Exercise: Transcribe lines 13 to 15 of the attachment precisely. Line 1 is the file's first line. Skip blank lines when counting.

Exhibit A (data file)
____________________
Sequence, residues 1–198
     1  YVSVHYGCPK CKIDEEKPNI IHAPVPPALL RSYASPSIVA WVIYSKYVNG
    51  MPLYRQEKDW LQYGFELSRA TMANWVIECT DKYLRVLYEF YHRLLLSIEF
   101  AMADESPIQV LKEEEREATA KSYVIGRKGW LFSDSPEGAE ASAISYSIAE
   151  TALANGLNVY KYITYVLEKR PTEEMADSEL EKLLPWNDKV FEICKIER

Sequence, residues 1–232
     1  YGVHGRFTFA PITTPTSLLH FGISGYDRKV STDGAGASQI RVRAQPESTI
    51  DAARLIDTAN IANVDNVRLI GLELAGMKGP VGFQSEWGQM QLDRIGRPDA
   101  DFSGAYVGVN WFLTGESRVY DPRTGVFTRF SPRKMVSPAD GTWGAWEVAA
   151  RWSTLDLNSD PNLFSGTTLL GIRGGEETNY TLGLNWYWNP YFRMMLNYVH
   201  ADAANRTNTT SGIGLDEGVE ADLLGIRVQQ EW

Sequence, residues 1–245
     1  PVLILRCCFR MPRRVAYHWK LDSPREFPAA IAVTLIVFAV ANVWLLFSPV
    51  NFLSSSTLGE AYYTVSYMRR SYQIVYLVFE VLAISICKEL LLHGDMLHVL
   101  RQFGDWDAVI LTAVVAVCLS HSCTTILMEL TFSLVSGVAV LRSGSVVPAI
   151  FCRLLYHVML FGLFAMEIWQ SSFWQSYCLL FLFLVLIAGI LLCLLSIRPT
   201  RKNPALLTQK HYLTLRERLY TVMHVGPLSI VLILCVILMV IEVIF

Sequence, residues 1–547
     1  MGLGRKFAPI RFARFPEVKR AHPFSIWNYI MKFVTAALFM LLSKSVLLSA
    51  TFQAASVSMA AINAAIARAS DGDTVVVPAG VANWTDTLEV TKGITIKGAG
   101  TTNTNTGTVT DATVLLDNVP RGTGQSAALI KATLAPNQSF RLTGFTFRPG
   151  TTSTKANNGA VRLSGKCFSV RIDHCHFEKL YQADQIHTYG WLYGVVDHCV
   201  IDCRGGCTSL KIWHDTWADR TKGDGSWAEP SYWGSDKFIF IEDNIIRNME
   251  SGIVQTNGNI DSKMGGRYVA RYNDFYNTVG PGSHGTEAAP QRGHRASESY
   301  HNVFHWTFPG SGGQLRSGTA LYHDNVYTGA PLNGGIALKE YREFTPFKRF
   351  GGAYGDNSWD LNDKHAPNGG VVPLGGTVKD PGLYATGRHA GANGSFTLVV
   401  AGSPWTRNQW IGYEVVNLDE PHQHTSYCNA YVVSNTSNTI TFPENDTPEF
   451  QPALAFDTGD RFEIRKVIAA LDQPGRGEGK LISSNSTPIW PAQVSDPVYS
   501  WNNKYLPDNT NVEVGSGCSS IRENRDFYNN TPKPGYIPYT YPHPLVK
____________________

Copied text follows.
     1  PVLILRCCFR MPRRVAYHWK LDSPREFPAA IAVTLIVFAV ANVWLLFSPV
    51  NFLSSSTLGE AYYTVSYMRR SYQIVYLVFE VLAISICKEL LLHGDMLHVL
   101  RQFGDWDAVI LTAVVAVCLS HSCTTILMEL TFSLVSGVAV LRSGSVVPAI